Warning! Samurai.remix is not for the faint of heart, or for virophobes (those with an intense fear of computer viruses). Seriously.

This piece really illuminates our current culture’s fear of computer viruses (or at least mine). I do not think this was the main focus of the piece, but I’m sure the artist was aware of how people would react if they accidentally stumbled onto the site. Personally, if more than one pop-up window appears, I start getting anxious; when they started appearing by the dozens in Samurai.remix, I really started freaking out.

I think the real focus of the piece was to explore the use of the web browser as a dynamic medium, in a way that hadn’t been seen before. Artists have put content into a web browser, but rarely does the web browser itself become part of the art piece, as in Samurai.remix. The lack of control is rather terrifying at first, amplified by the first audio clip you hear: “All necessary modifications have been completed”; new windows pop up and move around the screen before closing, sci-fi sounds emerge and disappear in what seems to be a random score, and flashing pop-ups give you the option, “Click here to CRASH your computer”.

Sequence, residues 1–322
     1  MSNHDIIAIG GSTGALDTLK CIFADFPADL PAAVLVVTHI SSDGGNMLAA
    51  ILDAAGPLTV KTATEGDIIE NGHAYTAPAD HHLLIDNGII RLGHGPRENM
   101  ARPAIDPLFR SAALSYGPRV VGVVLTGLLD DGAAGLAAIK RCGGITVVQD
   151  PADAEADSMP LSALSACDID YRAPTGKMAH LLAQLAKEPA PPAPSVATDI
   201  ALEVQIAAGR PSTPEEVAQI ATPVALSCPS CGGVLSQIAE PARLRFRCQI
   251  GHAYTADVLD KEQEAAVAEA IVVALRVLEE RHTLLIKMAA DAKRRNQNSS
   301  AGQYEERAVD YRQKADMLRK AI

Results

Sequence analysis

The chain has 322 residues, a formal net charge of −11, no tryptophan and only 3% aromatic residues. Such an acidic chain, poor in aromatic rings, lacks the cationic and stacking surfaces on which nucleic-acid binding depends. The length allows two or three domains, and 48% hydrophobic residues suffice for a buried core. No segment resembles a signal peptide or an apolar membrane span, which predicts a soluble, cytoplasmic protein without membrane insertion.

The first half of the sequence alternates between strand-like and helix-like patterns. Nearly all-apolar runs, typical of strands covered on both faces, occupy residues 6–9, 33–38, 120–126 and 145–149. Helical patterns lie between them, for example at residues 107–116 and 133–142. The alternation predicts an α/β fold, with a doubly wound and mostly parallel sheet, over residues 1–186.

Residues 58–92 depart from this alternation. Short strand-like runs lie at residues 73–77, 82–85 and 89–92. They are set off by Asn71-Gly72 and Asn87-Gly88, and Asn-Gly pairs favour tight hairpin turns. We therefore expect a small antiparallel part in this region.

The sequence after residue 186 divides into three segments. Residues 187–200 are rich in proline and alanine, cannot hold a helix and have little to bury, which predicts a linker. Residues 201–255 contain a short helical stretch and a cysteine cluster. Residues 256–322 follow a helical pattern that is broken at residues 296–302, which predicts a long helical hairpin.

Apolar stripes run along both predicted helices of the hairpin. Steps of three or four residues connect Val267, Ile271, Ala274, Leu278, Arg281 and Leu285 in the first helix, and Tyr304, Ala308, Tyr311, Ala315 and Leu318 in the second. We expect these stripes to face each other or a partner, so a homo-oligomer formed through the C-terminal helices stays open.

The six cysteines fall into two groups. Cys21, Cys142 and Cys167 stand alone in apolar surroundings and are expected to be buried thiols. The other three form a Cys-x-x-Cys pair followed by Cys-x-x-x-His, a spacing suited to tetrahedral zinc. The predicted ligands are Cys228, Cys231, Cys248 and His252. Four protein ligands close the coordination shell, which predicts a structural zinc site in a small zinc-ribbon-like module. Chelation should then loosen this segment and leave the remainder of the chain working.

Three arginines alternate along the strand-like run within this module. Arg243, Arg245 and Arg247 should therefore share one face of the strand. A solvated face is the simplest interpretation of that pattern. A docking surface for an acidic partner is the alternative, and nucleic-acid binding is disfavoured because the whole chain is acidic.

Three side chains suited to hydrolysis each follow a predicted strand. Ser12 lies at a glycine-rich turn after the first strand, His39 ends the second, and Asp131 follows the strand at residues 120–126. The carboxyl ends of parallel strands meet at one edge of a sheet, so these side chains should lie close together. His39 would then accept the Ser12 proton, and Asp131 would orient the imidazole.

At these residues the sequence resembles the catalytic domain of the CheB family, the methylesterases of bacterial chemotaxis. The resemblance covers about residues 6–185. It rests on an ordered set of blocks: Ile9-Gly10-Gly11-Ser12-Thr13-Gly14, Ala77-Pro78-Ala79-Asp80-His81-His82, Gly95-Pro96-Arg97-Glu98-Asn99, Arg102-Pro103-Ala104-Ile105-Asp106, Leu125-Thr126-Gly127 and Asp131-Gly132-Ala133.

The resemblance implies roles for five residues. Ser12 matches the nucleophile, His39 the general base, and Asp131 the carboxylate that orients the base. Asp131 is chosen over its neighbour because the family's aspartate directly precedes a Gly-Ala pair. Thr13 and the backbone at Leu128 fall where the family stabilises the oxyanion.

However, once you are brave enough to start clicking around, you discover that there are more layers to the site and more interesting things to view; one of my favorites was a window with “Pacman vs. Pikachu”. The site is really quite intriguing once you realize that your computer isn’t succumbing to a virus, and also a technical marvel (I can’t fathom how to do anything so complex, nor even guess how long it took to create such a thing). But, I don’t think I will ever find the strength to click the button to “Crash my computer”. There is too much at stake if it really does so, which I think is another point the artist is trying to point out: just how much we value the content on our computers.

via http://blue.mmlc.northwestern.edu/~atpda-rcr472/critiques.html

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